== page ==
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Corporate Overview

The Standard – April 2016


Parabens are a class of 4-hydroxybenzoate alkyl esters that are commonly used as preservatives in the cosmetic, pharmaceutical, and food industries due to their bactericidal and fungicidal properties.  The most common parabens used as preservative additives are methyl-, ethyl-, propyl-, and butylparaben.  Many products will contain more than one paraben at the 0.01-0.3% additive range to guard against a wide variety of microorganisms.While parabens are not known to persist in the environment, human exposure occurs mainly through dermal absorption during application of a paraben-containing personal care product or through ingestion of food and beverages containing paraben additives.2 The major metabolite of parabens in humans and animals alike is 4-hydroxybenzoic acid.3
Although studies have shown that parabens are safe for use at low levels, there is growing concern for the estrogen-like behavior of these compounds and their metabolites.3,4 It has been observed that the estrogenic activity of parabens increases with alkyl chain length, though studies have shown that the activity level of estrogen-mimicking parabens is several orders of magnitude less than that of estrogen itself.5,6 The United States Food and Drug Administration (FDA) does not currently regulate paraben levels, but many consumers and companies are seeking paraben-free products due to public concern of endocrine-disrupting activity.1
To assist researchers testing for parabens, CIL has manufactured 13C-labeled and unlabeled standards of the most commonly used methyl-, ethyl-, propyl-, and butylparabens. As growing concern over these compounds due to potential endocrine disrupting activity becomes apparent, CIL is also developing isopropyl-, isobutyl-, and benzylparaben standards to provide a full suite of analytical standards to assist researchers.

Featured Products

Catalog No. Description Concentration Amount
CLM-8249-1.2 Methyl paraben (ring-13C6, 99%) 1 mg/mL in methanol 1.2 mL
Methyl paraben (unlabeled) 1 mg/mL in methanol 1.2 mL
CLM-9761-1.2 Ethyl paraben (ring-13C6, 99%) 1 mg/mL in methanol 1.2 mL
ULM-9760-1.2 Ethyl paraben (unlabeled) 1 mg/mL in methanol 1.2 mL
CLM-9763-1.2 n-Propyl paraben (ring-13C6, 99%) 1 mg/mL in methanol 1.2 mL
ULM-9762-1.2 n-Propyl paraben (unlabeled) 1 mg/mL in methanol 1.2 mL
CLM-8285-1.2 n-Butyl paraben (ring-13C6, 99%) 1 mg/mL in methanol 1.2 mL
ULM-8287-1.2 n-Butyl paraben (unlabeled) 1 mg/mL in methanol 1.2 mL
CLM-9845-1.2 Isopropyl paraben (ring-13C6, 99%) 1 mg/mL in methanol 1.2 mL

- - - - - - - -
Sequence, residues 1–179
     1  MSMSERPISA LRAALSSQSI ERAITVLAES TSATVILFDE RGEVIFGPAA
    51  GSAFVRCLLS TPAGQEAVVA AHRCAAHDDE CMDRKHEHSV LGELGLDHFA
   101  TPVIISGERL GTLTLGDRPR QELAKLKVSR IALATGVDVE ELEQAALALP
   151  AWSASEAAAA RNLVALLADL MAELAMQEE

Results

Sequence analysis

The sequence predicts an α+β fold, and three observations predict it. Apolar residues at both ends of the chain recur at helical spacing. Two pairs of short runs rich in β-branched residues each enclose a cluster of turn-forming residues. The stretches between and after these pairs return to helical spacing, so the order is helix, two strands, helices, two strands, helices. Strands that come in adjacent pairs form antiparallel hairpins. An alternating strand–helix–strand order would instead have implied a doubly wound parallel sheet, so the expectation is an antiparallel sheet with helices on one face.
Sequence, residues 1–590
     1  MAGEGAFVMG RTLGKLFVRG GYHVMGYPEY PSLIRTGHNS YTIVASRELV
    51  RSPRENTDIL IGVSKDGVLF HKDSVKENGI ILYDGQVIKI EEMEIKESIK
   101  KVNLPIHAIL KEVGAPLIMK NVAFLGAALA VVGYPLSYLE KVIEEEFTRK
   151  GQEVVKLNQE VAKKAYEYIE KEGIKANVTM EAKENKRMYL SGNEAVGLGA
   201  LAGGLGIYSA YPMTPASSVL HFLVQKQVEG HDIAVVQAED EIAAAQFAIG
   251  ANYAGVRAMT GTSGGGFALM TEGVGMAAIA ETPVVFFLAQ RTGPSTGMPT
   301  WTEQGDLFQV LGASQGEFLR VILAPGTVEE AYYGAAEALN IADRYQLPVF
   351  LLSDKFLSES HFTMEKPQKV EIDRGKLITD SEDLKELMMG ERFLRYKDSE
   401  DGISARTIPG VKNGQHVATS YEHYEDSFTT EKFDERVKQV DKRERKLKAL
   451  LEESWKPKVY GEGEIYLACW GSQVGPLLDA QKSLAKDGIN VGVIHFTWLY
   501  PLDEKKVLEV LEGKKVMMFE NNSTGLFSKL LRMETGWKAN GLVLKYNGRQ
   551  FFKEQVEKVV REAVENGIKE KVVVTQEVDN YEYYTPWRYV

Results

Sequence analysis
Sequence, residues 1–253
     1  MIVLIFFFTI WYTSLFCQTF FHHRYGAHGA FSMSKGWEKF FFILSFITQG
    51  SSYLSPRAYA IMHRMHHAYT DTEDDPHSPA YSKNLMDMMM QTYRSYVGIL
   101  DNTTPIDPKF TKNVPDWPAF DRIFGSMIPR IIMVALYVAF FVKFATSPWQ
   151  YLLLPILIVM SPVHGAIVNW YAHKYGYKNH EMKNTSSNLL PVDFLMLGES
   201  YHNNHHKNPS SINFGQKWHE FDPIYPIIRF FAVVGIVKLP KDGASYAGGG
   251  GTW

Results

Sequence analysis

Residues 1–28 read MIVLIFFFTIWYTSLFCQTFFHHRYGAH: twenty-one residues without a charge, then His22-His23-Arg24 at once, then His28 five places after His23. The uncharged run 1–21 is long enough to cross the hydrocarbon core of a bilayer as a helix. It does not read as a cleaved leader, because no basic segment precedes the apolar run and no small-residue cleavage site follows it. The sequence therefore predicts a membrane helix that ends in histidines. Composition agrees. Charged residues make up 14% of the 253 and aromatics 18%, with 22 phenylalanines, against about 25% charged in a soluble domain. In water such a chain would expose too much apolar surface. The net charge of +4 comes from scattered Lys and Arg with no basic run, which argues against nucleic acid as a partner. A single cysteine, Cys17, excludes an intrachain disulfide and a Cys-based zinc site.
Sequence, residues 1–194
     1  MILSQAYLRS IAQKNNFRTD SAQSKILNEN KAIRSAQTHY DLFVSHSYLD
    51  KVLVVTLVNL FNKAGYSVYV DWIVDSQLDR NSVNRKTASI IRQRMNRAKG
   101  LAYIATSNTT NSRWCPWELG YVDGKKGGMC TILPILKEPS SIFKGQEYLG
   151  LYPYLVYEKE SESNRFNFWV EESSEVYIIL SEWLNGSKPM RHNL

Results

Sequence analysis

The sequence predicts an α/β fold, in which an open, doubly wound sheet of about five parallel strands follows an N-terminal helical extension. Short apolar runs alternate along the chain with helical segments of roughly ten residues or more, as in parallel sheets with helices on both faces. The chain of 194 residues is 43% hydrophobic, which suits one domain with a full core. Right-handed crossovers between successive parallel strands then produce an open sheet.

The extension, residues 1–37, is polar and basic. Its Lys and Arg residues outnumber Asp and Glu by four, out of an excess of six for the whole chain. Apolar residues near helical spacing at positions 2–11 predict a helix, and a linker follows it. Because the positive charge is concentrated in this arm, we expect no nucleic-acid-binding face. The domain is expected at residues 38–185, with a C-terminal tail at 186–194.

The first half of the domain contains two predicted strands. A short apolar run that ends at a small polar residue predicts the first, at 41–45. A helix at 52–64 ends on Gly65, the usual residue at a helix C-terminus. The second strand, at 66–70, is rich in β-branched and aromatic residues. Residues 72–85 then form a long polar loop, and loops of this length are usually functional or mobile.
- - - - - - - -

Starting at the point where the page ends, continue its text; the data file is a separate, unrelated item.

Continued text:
ULM-9846-1.2 Isopropyl paraben (unlabeled) 1 mg/mL in methanol 1.2 mL
CLM-9847-1.2 Isobutyl paraben (ring-13C6, 99%) 1 mg/mL in methanol 1.2 mL
ULM-9848-1.2 Isobutyl paraben (unlabeled) 1 mg/mL in methanol 1.2 mL
CLM-9849-1.2 Benzyl paraben (ring-13C6, 99%) 1 mg/mL in methanol 1.2 mL
ULM-9850-1.2 Benzyl paraben (unlabled) 1 mg/mL in methanol 1.2 mL




Methyl paraben

Ethyl paraben

n-Propyl paraben

n-Butyl paraben

Isopropyl paraben Isobutyl paraben Benzyl paraben 4-Hydroxybenzoic acid


Related Products

CLM-4745-1.2 4-Hydroxybenzoic acid (ring-13C6, 99%) 1 mg/mL in methanol 1.2 mL
ULM-8251-1.2 4-Hydroxybenzoic acid (unlabeled) 1 mg/mL in methanol 1.2 mL


1"Parabens” U.S. Food and Drug Administration (accessed 26 August 2015).

2“Parabens Biomonitoring Summary” Centers for Disease Control and Prevention (accessed 21 January 2016).

3Xue J, Sasaki N, Elangovan M, Diamond G, Kannan K, “Elevated Accumulation of Parabens and their Metabolites in Marine Mammals from the United States Coastal Waters” Environmental Science and Technology 49: 12071-12079.

4Soni MG, Carabin IG, Burdock GA, “Safety Assessment of Esters of p-Hydroxybenzoic Acid (Parabens)” Food and Chemical Toxicology 43 (7): 985-1015.

5Cashman AL, Warshaw EM, “Parabens: A Review of Epidemiology, Structure, Allergenicity, and Hormonal Properties” Dermatitis 16 (2): 57-66.

6Golden R, Gandy J, Vollmer G, “A Review of the Endocrine Activity of Parabens and Implications for Potential Risks to Human Health” Critical Reviews in Toxicology 35 (5): 435-58.



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stable isotope, stable isotope labeled compounds, environmental contaminant standards
CIL has been ready to help with the analytical standards critical to the task of defining and resolving any major environmental contamination problems.